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Guide to Giving

Even the wealthiest government, business, or individual has limited resources. A dollar spent in one place cannot be spent elsewhere. When we say that we want to do everything, we are deceiving ourselves – because that is not what happens in practice. A few big issues get the most air-time, attention, and money.

Mankind’s lot has improved in many measurable ways. In 1900 we lived for an average of 30 years; today we live for nearly 69. We lead healthier, more prosperous lives than we ever have before. This  does  not,  however,  mean  that  everything  is good  enough.

Although in many areas we are on the right track, too  often  today  scarce  resources  are  spent  responding ineffectively  to a  few  big  issues  that  attract  celebrity attention and devour much of the media’s limited interest. We hear relatively little about many major global problems that  have  reasonably  cheap  solutions.  Despite  our progress,  today,  one  billion  people  lack  clean  drinking water. Two billion lack sanitation. Three billion lack basic micronutrients. One quarter of all deaths this year will be caused by infectious diseases that we could easily combat. 

The think-tank the Copenhagen Consensus Center, based in Denmark, works to ensure that basic principles of economics are used to improve the allocation of aid and development money. We want to help ensure that progress in tackling global challenges  is  swift.  We  work  with  academics  and Nobel Laureate economists to provide sound information for governments, philanthropists, and NGOs. Fundamentally, the Center promotes the idea that careful use of economic science can help ensure that we achieve the most good for people and the planet.

The  Copenhagen  Consensus  Center  is  often  asked  by individuals: how can I make personal donations in line with the Center’s research findings?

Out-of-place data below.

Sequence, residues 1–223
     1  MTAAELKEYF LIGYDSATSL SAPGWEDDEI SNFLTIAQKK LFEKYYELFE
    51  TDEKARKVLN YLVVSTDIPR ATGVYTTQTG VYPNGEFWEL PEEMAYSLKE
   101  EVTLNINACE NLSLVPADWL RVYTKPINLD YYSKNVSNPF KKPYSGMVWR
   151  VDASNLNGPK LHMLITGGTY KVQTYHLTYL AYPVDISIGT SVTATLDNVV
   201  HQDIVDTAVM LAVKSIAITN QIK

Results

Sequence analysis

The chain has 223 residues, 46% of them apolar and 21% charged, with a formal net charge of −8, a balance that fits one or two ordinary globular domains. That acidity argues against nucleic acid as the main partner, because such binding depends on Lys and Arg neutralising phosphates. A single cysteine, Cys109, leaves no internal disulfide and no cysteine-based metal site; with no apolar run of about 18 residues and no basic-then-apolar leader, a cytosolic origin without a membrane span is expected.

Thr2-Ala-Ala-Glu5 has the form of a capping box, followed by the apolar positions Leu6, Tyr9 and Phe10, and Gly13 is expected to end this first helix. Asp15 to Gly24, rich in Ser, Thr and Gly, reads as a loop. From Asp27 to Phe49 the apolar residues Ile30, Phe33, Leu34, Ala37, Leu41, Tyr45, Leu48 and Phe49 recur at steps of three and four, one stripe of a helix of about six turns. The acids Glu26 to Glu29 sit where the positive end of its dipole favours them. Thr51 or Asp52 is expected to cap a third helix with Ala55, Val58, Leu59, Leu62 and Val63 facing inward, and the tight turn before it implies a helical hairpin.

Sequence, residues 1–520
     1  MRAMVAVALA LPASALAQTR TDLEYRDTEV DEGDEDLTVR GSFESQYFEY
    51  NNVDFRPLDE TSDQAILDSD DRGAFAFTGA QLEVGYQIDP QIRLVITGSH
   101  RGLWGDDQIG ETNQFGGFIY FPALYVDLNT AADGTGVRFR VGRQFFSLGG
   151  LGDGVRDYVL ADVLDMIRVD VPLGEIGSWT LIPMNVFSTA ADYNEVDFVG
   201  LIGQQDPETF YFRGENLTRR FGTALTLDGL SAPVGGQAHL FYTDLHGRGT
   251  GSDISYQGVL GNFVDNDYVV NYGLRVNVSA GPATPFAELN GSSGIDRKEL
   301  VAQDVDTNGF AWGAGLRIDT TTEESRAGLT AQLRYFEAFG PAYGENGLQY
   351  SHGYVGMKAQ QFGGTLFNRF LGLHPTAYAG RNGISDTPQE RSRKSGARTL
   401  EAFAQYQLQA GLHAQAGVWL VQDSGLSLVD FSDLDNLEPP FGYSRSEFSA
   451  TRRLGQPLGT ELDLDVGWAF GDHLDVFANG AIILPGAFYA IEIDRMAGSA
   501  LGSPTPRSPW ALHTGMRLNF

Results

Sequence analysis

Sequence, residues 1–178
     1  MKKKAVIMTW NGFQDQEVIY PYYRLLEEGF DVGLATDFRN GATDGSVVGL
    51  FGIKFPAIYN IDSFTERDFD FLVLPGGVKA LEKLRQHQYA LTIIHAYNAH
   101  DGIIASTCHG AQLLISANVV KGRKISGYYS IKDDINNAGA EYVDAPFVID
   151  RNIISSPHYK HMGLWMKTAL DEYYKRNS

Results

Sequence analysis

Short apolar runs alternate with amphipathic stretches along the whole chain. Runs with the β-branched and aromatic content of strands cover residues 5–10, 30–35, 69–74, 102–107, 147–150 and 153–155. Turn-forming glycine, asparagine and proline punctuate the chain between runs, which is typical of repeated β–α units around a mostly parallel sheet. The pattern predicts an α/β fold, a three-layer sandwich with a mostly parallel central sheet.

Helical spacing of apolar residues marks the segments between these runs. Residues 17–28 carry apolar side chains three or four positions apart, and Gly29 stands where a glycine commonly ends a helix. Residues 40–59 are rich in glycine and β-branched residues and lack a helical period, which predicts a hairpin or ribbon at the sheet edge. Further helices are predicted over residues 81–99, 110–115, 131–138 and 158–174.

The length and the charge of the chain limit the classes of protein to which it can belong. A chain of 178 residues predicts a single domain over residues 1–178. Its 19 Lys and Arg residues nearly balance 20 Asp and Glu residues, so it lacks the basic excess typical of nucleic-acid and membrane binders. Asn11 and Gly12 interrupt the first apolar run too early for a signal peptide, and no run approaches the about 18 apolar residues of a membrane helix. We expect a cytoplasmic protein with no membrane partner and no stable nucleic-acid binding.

We commission research  that  analyzes  the  optimal  ways  to  combat  the biggest problems facing the world. What we advocate – prioritization – is not easy. It is much easier to declare that we want to tackle every major world problem. Unfortunately, doing so is just a dream. Even the wealthiest government or business has limited resources. A  dollar  spent  in  one  place  cannot  be  spent  elsewhere. When  we  say  that  we  want  to  do  everything,  we  are deceiving ourselves – because that is not what happens in practice. A few big issues get the most air-time, attention, and money.  

Our steadfast belief is that in a world fraught with competing causes for attention, we need to direct more resources to the areas where we could achieve the most. Our Center’s flagship  projects  are  our  four-yearly  analyses  of  global challenges. The first was held in 2004, and prompted The Economist  to  declare  that  the  Copenhagen  Consensus was  “an  outstanding,  visionary  idea”.  The  most  recent Copenhagen Consensus was held in 2008, and produced  pioneering economic research that will help shape policy debate and discussion for many years to come.

The Giving Guide attempts to provide an answer to that question, and to make our economic  research  accessible  for  many more people. 


  • Guide to Giving